Sheriff’s officials confirmed that the Highland Park parade shooter recently prank-called a news reporter from the jail and said the matter has been referred to the state’s attorney’s office.
Robert E. Crimo III, 22, of Highwood, faces 21 counts of first-degree murder, 48 counts of attempted murder and 48 counts of aggravated battery with a firearm.
He has been held in the Lake County Jail without bond since July 6.
The New York Post reported Saturday that Crimo called one of their reporters from the jail at 8 p.m. (EST) on New Year’s Eve.
The Lake County Sheriff’s Office confirmed to Lake and McHenry County Scanner that the call was made by Crimo, who utilized the inmate telephone system.
The entire call was recorded because it was made from the inmate telephone system, according to Lake County Sheriff’s Office Deputy Chief Christopher Covelli.
When the reporter answered the telephone, they received the standard greeting that the phone call was from a correctional institution in Lake County.
The automated greeting asked the reporter if he would like to continue the call, at which time the reporter accepted the terms, Covelli said.
The reporter then said, “Hello?” and Crimo replied, “Hello.”
The reporter again said, “Hello?” and Crimo responded by asking, “Is your refrigerator running?”
The reporter said, “Uh, yeah…why?” and Crimo said, “Well, you better go catch it.”
Both laughed and Crimo hung up the phone, Covelli said.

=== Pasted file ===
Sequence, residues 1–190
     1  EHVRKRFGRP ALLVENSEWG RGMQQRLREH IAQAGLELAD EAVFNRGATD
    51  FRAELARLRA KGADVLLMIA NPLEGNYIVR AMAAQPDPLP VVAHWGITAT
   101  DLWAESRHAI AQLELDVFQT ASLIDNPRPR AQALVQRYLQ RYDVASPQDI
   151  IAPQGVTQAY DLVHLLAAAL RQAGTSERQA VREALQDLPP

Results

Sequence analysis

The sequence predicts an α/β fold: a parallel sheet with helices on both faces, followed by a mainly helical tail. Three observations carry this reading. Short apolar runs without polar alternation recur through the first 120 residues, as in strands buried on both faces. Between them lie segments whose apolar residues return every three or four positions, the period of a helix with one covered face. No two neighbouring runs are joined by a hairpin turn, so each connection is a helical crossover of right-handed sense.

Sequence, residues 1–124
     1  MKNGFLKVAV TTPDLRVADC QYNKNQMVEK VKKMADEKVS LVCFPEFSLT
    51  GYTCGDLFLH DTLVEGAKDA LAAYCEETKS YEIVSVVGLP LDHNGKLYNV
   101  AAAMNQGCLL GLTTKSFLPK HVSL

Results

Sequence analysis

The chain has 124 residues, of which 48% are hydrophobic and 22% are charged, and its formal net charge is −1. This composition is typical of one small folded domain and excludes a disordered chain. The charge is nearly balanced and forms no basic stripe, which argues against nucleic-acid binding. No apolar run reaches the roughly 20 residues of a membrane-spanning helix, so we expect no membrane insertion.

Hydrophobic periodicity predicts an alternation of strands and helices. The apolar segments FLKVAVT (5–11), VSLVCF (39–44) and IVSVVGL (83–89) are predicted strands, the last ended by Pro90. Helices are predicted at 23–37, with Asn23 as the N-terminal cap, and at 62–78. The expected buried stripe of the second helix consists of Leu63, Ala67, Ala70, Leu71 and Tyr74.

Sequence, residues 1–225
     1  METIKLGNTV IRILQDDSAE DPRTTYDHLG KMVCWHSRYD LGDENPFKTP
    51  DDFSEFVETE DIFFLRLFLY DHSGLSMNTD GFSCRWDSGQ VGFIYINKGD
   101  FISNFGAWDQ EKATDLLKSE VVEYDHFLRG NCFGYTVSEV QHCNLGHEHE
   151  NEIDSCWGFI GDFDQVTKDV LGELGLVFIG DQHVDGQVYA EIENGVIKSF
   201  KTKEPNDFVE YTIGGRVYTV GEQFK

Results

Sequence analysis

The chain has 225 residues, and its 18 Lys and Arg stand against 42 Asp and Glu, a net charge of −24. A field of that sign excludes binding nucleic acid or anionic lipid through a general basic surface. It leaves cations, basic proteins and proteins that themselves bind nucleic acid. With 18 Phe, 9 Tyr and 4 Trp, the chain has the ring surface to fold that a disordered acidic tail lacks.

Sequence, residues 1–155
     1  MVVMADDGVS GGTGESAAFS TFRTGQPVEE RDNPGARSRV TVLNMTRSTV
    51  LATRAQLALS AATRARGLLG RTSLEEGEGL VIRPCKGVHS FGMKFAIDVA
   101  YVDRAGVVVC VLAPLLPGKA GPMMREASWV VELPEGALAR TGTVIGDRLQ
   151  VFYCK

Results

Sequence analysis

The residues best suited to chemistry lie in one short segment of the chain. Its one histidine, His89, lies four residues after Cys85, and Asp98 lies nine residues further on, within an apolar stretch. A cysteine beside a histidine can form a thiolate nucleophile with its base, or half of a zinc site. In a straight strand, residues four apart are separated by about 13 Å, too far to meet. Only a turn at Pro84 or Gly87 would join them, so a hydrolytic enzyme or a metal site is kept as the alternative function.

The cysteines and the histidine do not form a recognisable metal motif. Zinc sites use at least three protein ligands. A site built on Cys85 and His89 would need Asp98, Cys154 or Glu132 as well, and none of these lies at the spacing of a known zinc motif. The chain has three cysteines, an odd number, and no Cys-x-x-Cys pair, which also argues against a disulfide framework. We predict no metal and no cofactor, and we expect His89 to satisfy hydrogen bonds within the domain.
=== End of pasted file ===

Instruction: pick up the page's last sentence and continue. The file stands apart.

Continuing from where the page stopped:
The Post said that the reporter had previously tried to schedule an interview with Crimo in December.
The interview was never scheduled but Crimo used that reporter’s number to call them when making the prank call.
The reporter and the New York Post never alerted the sheriff’s office about the telephone call, Covelli said.
“We have the ability to prevent inmates from calling specific telephone numbers, but numbers can only be blocked when we receive an order from the Court or a request from someone specifically,” Covelli said.
A court order is required to completely revoke phone privileges from an inmate.
The call has since been sent to the state’s attorney’s office for their review.
Prosecutors previously said Crimo admitted to “looking down his sights” of his Smith & Wesson M&P 15 semi-automatic rifle before opening fire on the crowd on July 4 near Second Street and Central Avenue in Highland Park.
Crimo told investigators he fired two full 30-round magazines before loading a third 30-round magazine and firing, Lake County Assistant State’s Attorney Ben Dillon, said.
Seven people were killed and dozens of others were shot. 83 spent shell casings were recovered at the scene.
The seven slain victims include Katherine Goldstein, 64, of Highland Park; Irina McCarthy, 35, of Highland Park; Kevin McCarthy, 37, of Highland Park; Jacquelyn Sundheim, 63, of Highland Park; Stephen Straus, 88, of Highland Park; and Nicolas Toledo-Zaragoza, 78, of Morelos, Mexico; and Eduardo Uvaldo, 69, of Waukegan.
Crimo, who was dressed as a woman, exited the roof, dropped the rifle and escaped with the fleeing crowd, police said.
Crimo identified himself on surveillance video and the weapon used, Dillon said.
The Lake County State’s Attorney’s Office has since filed seven counts of reckless conduct causing great bodily harm against Crimo’s father, Robert Crimo Jr.
Prosecutors and Highland Park police officers allege that Crimo Jr. was criminally reckless at the time that he helped his son obtain a Firearm Owners Identification (FOID) card.
Prosecutors said that helping his son obtain a FOID card was a contributing cause to the harm suffered by the murder victims in the July 4 mass shooting.
The man’s son, Crimo III, was under 21 when he sought to obtain the FOID card and required his father’s participation in the application process.